Enjolras stared at him desperately, blinking too fast. "Love would break it," he said, his voice vibrating with something. Fear? Power?

Grantaire didn't know. "Yes," he said. "It would." He shook Enjolras between his hands. "Why did you think--"

"Because I think I love you," Enjolras blurted out, and then gasped like a drowning man just come up for air. His eyes burned, now, and they stared straight into Grantaire's, lighting him up from the inside out.

"Think?" Grantaire growled, too terrified for hope.

"Thought," Enjolras said. "I thought I did--I was sure I did--it's all I've been able to think about for weeks. But now... you're still cursed and I don't know-- I don't know what that means--"

Grantaire growled and jerked him forward, bent and crashed their mouths together in a desperate kiss. The noise Enjolras made against his mouth sounded like pain and hope and joy all in one. The impact of the kiss spread out across Grantaire's skin like licks of flame. He wanted to let it consume him.

Enjolras stumbled back, tearing out of Grantaire's hands. He stared, is eyes wide as saucers. The space of two strides separated them, but Grantaire could still feel the flames licking over him, working deep into his skin.

It came on suddenly, like an explosion. Grantaire dropped to his knees, gasping, and Enjolras was there to help him up. He pressed a hand to the side of Grantaire's face and Grantaire gasped. How long had it been since he had felt someone's hand upon his skin, without the beast's thick fur to dampen the touch? He didn't want to count the years. He turned his face into Enjolras's palm and shuddered at the feel of it.

Enjolras smiled at him, lopsided and a bit bemused. He reached up and twisted a black curl around his finger, tugged at it lightly and laughed to himself. "I thought you'd be… I don't know. Bigger." And the smile turned sharp with humor. "Hairier."

Grantaire growled and snaked an arm around Enjolras's waist to pull him in for another kiss. This one picked up where the first hand ended, and Grantaire didn't break away until he was gasping for air, dizzy from Enjolras's kisses like they were brandy.

"Still only think you love me?" he asked, teasing, but it made Enjolras sober.

"I know it," he said, quiet and serious. "I knew it before. God, I knew it before I left, I just didn't want to admit."

Grantaire shut his eyes against a fresh wave of pain and leaned his brow against Enjolras's. "Why did you leave?"

"I was afraid." Enjolras's fingers twisted in the curls at Grantaire's nape. He gave a harsh, bitter laugh. "I was a coward. I'm sorry."

The apology tasted like sour wine on Grantaire's tongue. He drew back, wanting distance between them, too aware of what a filthy wreck he was to want to let Enjolras near. "I should bathe," he said in a sudden, desperate rush. He ran a hand over his jaw with a shocked sound. "And shave, God. I'm out of practice. I'll probably cut my throat." He stared at Enjolras desperately when Enjolras caught his hands and held him still. "I'm sorry. You taught me better than this."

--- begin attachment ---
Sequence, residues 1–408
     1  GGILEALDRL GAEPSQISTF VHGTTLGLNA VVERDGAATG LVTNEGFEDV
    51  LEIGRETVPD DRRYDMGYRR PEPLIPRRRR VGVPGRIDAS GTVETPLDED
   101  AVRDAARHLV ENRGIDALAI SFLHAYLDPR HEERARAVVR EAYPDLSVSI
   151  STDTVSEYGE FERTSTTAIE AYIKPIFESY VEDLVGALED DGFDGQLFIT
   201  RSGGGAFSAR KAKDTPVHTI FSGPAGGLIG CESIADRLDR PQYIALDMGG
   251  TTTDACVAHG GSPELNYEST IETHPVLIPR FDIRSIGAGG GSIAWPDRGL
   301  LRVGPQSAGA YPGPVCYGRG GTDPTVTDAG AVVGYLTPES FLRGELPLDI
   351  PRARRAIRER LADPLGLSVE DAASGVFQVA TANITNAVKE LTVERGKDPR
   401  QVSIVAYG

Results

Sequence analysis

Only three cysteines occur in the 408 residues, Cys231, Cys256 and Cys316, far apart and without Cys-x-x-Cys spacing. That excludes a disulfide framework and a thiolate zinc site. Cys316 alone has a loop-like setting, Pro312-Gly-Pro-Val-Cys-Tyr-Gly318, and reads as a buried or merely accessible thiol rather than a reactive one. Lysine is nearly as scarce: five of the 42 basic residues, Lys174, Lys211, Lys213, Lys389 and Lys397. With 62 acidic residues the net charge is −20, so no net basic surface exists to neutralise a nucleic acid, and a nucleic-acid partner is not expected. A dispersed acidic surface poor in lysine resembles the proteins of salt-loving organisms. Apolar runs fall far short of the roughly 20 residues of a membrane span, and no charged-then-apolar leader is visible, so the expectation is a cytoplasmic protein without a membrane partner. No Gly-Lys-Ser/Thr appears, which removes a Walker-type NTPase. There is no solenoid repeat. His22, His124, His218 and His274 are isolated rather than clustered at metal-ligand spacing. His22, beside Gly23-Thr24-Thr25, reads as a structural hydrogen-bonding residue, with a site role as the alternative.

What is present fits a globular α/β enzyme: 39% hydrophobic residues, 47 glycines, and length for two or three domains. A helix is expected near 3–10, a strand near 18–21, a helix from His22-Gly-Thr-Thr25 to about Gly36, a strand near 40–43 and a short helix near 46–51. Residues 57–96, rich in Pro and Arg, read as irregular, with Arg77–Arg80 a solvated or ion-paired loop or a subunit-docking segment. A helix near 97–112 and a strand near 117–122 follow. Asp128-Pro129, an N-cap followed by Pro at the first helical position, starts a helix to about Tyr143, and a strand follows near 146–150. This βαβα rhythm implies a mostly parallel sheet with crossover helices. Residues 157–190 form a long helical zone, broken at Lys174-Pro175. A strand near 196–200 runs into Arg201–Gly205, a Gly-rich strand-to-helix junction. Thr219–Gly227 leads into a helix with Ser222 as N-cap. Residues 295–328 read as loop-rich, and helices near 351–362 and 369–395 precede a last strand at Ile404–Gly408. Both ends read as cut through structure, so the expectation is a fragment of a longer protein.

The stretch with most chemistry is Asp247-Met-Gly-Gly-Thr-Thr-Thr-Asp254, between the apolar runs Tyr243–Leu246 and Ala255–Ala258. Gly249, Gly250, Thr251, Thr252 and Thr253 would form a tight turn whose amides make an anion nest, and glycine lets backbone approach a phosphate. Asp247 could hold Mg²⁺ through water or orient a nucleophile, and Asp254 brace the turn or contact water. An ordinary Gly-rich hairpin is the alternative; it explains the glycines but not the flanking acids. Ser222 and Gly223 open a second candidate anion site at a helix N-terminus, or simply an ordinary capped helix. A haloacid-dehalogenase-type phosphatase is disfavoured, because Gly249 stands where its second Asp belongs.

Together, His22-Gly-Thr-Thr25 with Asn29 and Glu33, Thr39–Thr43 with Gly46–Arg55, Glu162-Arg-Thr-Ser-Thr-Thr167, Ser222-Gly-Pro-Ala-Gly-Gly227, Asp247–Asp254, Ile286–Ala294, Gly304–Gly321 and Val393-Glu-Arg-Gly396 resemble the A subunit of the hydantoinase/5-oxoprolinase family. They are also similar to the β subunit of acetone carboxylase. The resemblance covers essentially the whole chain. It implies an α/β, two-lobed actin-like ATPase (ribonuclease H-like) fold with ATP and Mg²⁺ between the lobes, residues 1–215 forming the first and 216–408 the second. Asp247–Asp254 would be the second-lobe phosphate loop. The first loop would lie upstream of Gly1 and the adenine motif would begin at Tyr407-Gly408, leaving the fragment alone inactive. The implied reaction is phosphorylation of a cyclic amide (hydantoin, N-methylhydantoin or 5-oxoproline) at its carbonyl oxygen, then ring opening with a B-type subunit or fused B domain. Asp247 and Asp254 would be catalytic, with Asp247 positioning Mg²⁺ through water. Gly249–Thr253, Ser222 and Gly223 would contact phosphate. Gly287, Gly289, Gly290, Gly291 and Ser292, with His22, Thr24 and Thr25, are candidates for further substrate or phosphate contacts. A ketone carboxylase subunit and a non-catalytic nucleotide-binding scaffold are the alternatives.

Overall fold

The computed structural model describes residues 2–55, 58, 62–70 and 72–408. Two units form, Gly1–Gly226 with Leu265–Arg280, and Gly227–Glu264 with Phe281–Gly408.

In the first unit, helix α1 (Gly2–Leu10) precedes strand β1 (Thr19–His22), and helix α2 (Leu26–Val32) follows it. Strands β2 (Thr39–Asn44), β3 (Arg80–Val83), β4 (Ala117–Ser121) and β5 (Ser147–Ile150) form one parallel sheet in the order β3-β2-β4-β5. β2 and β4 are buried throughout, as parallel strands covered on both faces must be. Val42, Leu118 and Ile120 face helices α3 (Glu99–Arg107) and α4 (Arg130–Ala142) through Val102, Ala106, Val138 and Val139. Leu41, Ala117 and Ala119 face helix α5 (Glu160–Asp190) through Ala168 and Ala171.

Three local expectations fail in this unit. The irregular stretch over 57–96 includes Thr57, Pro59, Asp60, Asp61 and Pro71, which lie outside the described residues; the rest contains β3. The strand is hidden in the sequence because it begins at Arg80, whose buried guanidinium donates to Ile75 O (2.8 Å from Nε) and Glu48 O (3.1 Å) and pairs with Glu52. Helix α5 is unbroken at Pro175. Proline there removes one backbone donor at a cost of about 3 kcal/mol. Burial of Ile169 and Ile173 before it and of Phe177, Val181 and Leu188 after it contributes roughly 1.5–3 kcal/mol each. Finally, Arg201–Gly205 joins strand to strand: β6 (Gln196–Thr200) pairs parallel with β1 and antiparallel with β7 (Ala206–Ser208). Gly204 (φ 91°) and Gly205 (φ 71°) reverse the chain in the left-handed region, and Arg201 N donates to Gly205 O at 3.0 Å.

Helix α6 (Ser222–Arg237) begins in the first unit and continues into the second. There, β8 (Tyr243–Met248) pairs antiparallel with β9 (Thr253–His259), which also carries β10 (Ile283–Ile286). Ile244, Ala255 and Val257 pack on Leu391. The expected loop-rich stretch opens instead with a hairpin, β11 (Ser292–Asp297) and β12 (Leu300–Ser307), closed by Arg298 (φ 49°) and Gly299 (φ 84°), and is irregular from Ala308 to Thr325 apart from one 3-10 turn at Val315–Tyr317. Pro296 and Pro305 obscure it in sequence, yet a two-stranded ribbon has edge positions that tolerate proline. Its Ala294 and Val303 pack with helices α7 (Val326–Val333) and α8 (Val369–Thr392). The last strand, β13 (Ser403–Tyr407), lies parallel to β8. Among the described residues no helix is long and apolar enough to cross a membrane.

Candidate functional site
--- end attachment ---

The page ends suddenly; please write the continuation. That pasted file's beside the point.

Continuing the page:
Enjolras just smiled and shook his head. "I don't care. I told you when I got here, didn't I? I don't want you to change." He leaned in, Grantaire's hands pinned between them, and claimed another kiss. "You can slurp your soup every day for the rest of your life, for all I care. I love you."

The words humbled him, nearly took him down like a blow to the back of the knees. He wrapped Enjolras in his arms and might not have ever let go, except that Enjolras pulled back abruptly, breathless with laughter, and gasped, "Oh my God, Cosette."

Grantaire looked at him in consternation.

"I brought her with me, in case— Well. When she heard I thought the curse might have been broken, she insisted. I couldn't have kept her away if I'd tried." He slid his hand easily into Grantaire's. "Let's go tell her the good news."

There was a carriage waiting outside, but Cosette wasn't in it. Grantaire let Enjolras pull him through the corridors and hallways until they found her in Grantaire's own chambers. Marius was there too, as restored as Grantaire was, and Cosette was sitting across his lap, her arms wrapping him in a fierce embrace.

Grantaire pulled Enjolras away while the two whispered sweet words to each other. Whatever they were saying, it wasn't meant for their ears.

"Marius and Cosette," he murmured to himself as he led Enjolras away, and he shook his head with a laugh. "Who'd have thought?"

"I told you, didn't I?" Enjolras pulled Grantaire to a stop there in the middle of the hall and kissed him until he was dizzy again, and had to throw a hand out to brace himself. "Even the cursed deserve to be loved."

"So you did," Grantaire said, and pulled him into a fierce embrace. He shuddered with gratitude inside of Enjolras's arms, and pressed his face into his golden hair. Enjolras's brightness washed over him, and for the first time in longer than Grantaire could remember, he felt clean and safe and good. It felt like a fresh start.